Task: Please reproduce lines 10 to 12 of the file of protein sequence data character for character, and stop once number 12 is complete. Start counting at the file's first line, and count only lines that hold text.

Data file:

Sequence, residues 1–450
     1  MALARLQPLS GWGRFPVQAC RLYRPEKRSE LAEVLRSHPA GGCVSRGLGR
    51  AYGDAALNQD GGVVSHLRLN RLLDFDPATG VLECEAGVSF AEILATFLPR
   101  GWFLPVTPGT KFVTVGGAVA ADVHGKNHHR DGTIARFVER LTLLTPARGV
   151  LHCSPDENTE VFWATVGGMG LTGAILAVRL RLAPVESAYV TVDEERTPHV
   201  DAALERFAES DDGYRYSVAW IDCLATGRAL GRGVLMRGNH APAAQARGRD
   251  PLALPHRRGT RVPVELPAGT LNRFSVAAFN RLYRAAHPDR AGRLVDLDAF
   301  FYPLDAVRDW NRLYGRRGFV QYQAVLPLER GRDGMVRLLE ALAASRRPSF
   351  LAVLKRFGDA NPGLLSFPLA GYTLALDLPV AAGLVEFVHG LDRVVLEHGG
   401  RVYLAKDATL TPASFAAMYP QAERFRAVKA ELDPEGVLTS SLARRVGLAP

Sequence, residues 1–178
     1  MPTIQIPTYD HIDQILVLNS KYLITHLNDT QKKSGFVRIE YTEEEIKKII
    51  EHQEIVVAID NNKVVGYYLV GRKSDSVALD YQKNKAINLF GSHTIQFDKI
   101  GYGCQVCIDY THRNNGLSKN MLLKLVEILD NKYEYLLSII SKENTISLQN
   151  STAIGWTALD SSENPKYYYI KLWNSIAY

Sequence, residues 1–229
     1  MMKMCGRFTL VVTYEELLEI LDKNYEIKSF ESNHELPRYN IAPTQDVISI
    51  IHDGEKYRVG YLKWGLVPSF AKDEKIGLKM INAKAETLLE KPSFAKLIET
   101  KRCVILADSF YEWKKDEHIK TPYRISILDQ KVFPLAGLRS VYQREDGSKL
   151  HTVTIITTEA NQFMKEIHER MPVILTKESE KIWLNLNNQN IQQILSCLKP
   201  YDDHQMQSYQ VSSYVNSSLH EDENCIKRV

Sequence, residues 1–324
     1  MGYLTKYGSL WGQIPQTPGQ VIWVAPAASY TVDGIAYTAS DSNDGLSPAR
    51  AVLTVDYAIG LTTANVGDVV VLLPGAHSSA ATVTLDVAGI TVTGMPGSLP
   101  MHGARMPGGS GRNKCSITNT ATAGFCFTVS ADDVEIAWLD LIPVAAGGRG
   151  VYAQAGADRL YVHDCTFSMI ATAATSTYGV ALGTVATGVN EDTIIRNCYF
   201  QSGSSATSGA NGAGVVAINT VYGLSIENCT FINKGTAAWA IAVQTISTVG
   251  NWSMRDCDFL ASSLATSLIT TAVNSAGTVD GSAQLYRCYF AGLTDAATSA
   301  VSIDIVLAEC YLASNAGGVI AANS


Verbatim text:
   401  RVYLAKDATL TPASFAAMYP QAERFRAVKA ELDPEGVLTS SLARRVGLAP

Sequence, residues 1–178
     1  MPTIQIPTYD HIDQILVLNS KYLITHLNDT QKKSGFVRIE YTEEEIKKII